This is the watercolor I painted for Carole as a part of her going
away scrapbook. Jen got several old YAV's to write letters to Carole
and send photos from their time here with her. This was my contribution.
It is made with acutal water from the Nile. Well, technically speaking
anyway. All water that comes from the tap in Egypt was Nile water
at some point, right?
Jennifer and Teri working studiously on a gingerbread house.
Our Christmas tree. It's a tall cedar tree.
Stephen played guitar and Jay played the piano as we sang Christmas
Sarah joins in on the gingerbread house construction.
Dick and Lynn. Lynn is our new site coordinator.
Naadia watched as the gingerbread house was made.
Jennifer made a plate of chocolate covered strawberries that we utterly
Jennifer with her Sweedish-style Santa hat. I didn't think of it until
just now, but she probably got it from the Sweedish social workers
that live near her in Alexandria.
The completed gingerbread house.
Carole had just received her scrapbook.
Here we are posing with our gifts. Sarah got me colored pencils, oil
pastels, and a drawing pad. Other gifts of note... Teri was very excited
about her can of Dr. Pepper, her favorite drink that is really expenseive
here. Sarah got a scarf and a dust mask (ha-ha!). I gave Stephen an
These are two Egyptian ladies I work with at The Synod of the Nile.
Jackline is in the middle. She just finished a two-week stint in the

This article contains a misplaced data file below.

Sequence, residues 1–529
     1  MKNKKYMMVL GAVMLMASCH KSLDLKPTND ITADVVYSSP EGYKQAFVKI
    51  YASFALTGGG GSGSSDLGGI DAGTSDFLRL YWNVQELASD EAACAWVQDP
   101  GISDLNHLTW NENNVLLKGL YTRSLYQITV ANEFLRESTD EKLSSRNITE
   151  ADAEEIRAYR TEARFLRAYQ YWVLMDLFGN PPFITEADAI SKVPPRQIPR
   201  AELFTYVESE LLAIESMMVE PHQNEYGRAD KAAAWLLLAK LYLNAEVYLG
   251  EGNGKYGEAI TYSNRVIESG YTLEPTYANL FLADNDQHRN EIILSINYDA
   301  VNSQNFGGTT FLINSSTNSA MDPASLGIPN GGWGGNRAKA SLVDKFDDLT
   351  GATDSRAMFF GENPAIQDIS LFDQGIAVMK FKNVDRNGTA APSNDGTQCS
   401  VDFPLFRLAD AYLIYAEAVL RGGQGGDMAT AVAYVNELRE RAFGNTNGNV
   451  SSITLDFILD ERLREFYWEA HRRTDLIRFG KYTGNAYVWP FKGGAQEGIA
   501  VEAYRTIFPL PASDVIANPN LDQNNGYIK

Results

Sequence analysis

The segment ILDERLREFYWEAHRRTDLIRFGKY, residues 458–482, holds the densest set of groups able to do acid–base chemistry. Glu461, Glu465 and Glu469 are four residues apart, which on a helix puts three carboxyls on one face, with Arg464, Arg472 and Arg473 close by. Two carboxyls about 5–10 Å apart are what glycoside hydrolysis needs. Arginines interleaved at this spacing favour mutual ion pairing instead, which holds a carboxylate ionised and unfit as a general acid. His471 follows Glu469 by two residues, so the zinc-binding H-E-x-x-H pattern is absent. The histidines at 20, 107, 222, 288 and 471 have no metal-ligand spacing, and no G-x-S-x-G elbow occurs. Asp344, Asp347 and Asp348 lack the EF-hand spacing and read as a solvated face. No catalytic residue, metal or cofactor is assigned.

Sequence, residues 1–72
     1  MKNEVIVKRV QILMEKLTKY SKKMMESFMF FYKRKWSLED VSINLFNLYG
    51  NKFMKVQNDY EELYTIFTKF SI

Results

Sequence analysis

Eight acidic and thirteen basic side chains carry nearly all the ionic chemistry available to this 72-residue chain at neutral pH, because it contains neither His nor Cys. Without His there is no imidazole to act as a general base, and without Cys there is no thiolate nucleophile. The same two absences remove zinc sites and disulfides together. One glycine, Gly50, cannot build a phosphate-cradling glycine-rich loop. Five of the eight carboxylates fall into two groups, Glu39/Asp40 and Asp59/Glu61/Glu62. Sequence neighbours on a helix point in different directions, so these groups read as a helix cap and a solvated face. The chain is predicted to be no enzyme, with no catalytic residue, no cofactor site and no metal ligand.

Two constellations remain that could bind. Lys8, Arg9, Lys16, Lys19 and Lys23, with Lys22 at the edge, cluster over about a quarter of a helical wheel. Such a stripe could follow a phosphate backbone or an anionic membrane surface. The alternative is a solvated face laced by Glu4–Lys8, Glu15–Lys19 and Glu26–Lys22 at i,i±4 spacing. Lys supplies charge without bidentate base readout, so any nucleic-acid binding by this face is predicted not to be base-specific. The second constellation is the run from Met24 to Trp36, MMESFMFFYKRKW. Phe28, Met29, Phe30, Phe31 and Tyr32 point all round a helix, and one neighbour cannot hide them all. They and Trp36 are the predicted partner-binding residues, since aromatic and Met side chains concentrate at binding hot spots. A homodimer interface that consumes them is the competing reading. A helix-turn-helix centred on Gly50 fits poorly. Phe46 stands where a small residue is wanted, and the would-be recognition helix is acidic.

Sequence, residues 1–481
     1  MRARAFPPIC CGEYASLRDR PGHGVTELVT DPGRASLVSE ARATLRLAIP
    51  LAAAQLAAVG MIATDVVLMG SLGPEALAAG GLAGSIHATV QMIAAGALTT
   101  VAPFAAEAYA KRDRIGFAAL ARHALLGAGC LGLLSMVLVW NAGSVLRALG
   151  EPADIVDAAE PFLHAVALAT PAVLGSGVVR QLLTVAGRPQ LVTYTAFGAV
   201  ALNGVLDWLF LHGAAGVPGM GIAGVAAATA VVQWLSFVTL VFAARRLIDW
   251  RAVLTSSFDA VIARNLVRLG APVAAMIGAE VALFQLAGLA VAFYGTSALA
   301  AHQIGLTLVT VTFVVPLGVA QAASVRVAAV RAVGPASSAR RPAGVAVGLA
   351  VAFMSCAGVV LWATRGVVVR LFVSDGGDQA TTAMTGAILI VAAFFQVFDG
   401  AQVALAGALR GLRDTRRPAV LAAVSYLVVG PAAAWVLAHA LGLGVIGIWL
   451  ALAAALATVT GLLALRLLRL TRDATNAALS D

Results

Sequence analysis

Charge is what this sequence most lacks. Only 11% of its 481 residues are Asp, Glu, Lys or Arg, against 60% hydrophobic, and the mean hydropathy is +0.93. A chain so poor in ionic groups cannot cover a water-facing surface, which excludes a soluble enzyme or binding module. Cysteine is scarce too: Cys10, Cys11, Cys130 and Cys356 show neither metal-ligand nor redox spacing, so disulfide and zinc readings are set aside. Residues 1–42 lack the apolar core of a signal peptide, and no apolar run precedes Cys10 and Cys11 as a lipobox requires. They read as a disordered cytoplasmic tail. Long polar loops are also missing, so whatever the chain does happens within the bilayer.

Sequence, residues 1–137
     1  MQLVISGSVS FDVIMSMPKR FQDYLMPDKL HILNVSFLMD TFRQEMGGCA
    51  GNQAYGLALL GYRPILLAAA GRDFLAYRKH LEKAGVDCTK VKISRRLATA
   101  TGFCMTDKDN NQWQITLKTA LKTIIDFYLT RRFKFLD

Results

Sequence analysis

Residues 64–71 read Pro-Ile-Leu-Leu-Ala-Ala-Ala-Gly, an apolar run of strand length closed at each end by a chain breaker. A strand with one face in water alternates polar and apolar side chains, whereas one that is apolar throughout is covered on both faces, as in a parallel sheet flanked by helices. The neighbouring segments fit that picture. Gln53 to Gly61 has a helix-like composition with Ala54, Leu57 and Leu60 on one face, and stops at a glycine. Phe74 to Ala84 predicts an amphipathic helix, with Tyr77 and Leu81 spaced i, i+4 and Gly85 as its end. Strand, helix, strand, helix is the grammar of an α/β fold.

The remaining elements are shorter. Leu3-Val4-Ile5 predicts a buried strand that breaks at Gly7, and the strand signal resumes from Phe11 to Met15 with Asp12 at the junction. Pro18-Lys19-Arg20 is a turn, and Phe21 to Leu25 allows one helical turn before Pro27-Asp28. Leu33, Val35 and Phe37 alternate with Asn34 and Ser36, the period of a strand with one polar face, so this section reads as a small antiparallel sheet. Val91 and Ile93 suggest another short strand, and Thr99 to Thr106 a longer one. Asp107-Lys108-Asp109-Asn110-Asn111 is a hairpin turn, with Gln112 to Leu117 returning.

hospital after having some kind of throat surgery. She only speaks
Arabic but has managed to teach me many words, mostly nouns an verbs.
I did manage to figure out posessives with her help, though it is
still difficult for me. Eva is sitting on the right. She also teaches
me Arabic and knows a limited amount of English. I think sometimes
she doesn't know what to make of me. I try the same type of pantomime
communication that I use with Jackline, and she looks at me like my
hair is on fire.
Hani (pronounced Hay-nee) is another worker at the Synod. He doesn't
speak a lick of English and I can barely understand his Arabic. I
understand it when he says "Il ham dur lallah" [Thank God]
and the word "Ghada" [Lunch], because he asks me what I
want to eat every day. Sometimes the other guys at the Synod playfully
act like they are roughing him up, but I always say, "La, la,
la... Hani kwyais owie." [No, no, no... Hani is very good.] One
day he randomly mentioned that he likes George Bush and then flexed
his arm muscle as if to say, "He's a tough guy." I was polite
said "nosi-nos." [Half and half.]